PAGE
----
Making fun of how any of these women look is pointless. None of them are trying to look like Jessica Alba; indeed, their personal style is often predicated upon highlighting their unconventionality. It’s like making fun of David Bowie for not sounding like AC/DC. By mocking Parker or Sevigny for looking “weird,” the Fug Girls are merely demonstrating their cultural illiteracy. Even worse, they’re enforcing sexist conceits of beauty. They reserve their praise for dull, cookie-cutter cheerleaders like Reese Witherspoon and Amanda Seyfried–blondes with boobs and a high quotient of straight white male approval. Through their very popular website, the Fug Girls reinforce the idea that the only valid metric of beauty is predicated upon traditional male standards of desirability. In a culture where eating disorders, cutting, and other self-destructive behaviors run rampant among women, this is a very harmful idea to promote.
“But wait,” you’re thinking. “The Fug Girls don’t just make fun of awesome bitches. They also make fun of dumb skags like Lindsay Lohan and Kim Kardashian! You’re cherry-picking your examples.”
Ah, but I’m not. While unconventional women come under frequent fire by the Fuggers, they’re also fond of a different sort of target–the easy target. They enjoy making fun of clinically depressed, the mentally ill, and the drug-addicted. Like the aforementioned Lohan and Kardashian, troubled women like Mischa Barton, Bai Ling, Jessica Simpson, Britney Spears, and Tara Reid are common “Go Fug Yourself” targets. It’s all too easy to make fun of them, since they often appear in a state of sartorial (and physical) distress.
This needs to stop. It’s not funny that Britney Spears had a nervous breakdown. It’s not funny that Lindsay Lohan is a drug addict. It’s not funny that body dysmorphic disorder has led attractive women like Simpson, Kardashian, and Heidi Montag to undergo surgical procedure after surgical procedure. These women are mentally ill, and by criticizing their appearances, you’re feeding their disease. This is exactly the same as if “Go Fug Yourself” posted pictures of the uproarious outfits sported by mental patients, or the misguided togs of the mentally disabled. In other words, it’s not funny, it’s sick. If you care about feminism at all, you should stop reading websites like “Go Fug Yourself.” They seem like innocent fun, but they’re actually extremely destructive.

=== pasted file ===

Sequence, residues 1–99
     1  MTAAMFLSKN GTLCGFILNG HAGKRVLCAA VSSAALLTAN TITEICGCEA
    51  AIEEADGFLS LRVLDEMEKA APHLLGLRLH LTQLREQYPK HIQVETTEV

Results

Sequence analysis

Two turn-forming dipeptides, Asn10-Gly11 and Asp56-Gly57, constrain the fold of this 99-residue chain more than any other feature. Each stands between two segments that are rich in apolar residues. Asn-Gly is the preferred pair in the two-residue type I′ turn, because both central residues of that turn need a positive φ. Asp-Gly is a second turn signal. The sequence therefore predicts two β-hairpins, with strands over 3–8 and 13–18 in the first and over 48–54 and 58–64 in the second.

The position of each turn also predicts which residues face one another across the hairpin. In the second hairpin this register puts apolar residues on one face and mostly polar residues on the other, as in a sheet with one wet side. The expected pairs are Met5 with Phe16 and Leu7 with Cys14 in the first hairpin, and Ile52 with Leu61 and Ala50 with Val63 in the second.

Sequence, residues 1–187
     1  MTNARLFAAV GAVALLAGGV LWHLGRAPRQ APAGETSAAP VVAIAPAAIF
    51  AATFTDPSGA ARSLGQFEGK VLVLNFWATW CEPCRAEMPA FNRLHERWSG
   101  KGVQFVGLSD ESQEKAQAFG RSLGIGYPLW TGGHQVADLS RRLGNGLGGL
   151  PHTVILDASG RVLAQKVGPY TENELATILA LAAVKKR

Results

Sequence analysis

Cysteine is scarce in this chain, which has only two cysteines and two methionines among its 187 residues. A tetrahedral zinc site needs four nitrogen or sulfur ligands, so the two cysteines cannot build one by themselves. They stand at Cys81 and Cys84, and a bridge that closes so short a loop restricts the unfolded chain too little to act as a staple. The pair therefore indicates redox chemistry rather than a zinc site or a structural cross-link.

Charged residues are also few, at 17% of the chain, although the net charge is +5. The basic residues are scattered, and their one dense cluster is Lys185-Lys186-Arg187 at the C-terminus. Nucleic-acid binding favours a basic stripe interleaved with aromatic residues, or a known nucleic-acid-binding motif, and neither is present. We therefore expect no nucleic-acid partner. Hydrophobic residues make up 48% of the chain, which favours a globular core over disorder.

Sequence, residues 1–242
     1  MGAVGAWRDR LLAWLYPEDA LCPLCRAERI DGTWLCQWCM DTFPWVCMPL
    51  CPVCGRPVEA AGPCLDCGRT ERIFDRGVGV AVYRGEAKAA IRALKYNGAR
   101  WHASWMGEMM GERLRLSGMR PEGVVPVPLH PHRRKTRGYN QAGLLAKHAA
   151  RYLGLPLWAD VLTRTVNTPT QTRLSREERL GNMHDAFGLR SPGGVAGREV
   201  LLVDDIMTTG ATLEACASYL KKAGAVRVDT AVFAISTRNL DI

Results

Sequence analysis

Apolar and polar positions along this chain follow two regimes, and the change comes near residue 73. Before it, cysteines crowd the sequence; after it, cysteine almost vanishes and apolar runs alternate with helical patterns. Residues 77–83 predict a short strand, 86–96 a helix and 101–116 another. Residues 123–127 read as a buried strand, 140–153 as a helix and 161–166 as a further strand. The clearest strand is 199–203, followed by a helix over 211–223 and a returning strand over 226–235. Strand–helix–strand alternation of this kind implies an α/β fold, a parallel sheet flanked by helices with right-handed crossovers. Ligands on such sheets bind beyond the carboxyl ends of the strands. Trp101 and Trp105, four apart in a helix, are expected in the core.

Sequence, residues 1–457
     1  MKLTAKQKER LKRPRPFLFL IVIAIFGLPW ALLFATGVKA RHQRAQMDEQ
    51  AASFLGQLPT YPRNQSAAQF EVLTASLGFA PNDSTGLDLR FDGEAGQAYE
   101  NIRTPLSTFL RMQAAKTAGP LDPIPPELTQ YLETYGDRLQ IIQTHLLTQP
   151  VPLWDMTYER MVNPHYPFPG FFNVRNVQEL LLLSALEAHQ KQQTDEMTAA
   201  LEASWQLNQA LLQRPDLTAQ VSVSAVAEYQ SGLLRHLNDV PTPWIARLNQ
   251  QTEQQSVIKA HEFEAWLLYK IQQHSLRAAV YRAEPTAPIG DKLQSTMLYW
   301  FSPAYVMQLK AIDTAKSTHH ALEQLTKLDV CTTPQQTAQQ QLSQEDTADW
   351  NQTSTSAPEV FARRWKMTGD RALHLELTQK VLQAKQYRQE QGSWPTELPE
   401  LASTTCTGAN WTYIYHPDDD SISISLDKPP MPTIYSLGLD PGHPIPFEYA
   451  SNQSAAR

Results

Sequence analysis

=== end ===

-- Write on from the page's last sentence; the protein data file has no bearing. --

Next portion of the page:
Finally, I have to address the depiction of minorities on “Go Fug Yourself.” Beyonce comes under scrutiny by the site often, due to her choice of “unflattering” ensembles. This is another way of saying that Beyonce’s figure is a little fuller than the white, heteronormative standard. Similarly ample African-American entertainers, like Leona Lewis, are sometimes criticized for wearing clothing that makes them look “dumpy” or “squat.” The projecting of white standards of beauty onto these women is more than a little offensive. Worse is the site’s “coverage” of Jennifer Lopez, which often takes the form of monologues written in a parody of Lopez’s persona. These monologues are written in a sort of pidgin, generously sprinkled with Spanish malapropisms. I’m not sure how the Fug Girls get away with this; it’s pretty much verbal minstrelry. Perhaps it stems from the fact that “South Park” went there first? I don’t get it.
Finally, we circle around to this year’s “Fug Madness.” As mentioned above, the winner of this year’s “Fug Madness” was Amber Rose, an African-American socialite and model. The runner-up was Barbadian singer Rihanna. I have a huge problem with this.
Rihanna and Amber Rose are both unusually attractive women of color. Neither of them fit the typical mold for female entertainers of color, much less female entertainers in general. Neither of them can be easily classified–they’re both racially and culturally diverse. Their personal style quotes a number of influences, from Robert Palmer videos to “Mad Max.”
Both women enjoy flaunting their admittedly fantastic bodies. This is entirely appropriate–they are, after all, a rock star and a model, respectively. If rock stars and models aren’t allowed to wear exotic, glamorous clothing, who is?
I’m highly suspicious of the fact that these women were voted the “fugliest” celebrities of 2010. It just doesn’t make any sense. For one thing, both of them are actually quite well-dressed. For another, could you really, rationally, accuse either of them of looking “fucking ugly” at any time? Objectively, the answer is no.
So why were these women voted the winners of “Fug Madness”? The answers, I think, are “fucking ugly.”
I can’t help but suspect that the Fug Girls and their readers find these women threatening. They are amazingly beautiful, they’re culturally complex, they’re unconventionally chic, and they’re leading much cooler, much more fabulous lives then they are–or you are, or I am. I also suspect that tearing these women down online won’t do much to dent their confidence. However, if we really care about celebrating the unique and the beautiful in all of us, then we need to stop denigrating it in the larger culture. “Go Fug Yourself” is stupid. Quit reading it.